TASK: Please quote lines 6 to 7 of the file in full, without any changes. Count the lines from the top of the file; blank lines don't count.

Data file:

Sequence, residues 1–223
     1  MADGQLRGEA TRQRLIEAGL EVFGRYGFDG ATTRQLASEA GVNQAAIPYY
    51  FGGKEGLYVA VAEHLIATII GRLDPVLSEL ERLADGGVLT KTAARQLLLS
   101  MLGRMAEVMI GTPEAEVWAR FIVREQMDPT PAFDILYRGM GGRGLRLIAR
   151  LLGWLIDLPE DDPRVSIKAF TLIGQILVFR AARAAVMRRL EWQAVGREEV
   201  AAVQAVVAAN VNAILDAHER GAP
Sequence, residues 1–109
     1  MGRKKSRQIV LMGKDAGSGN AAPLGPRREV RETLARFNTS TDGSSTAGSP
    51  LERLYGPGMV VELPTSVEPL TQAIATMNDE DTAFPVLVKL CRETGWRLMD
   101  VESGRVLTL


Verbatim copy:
   201  AAVQAVVAAN VNAILDAHER GAP
Sequence, residues 1–109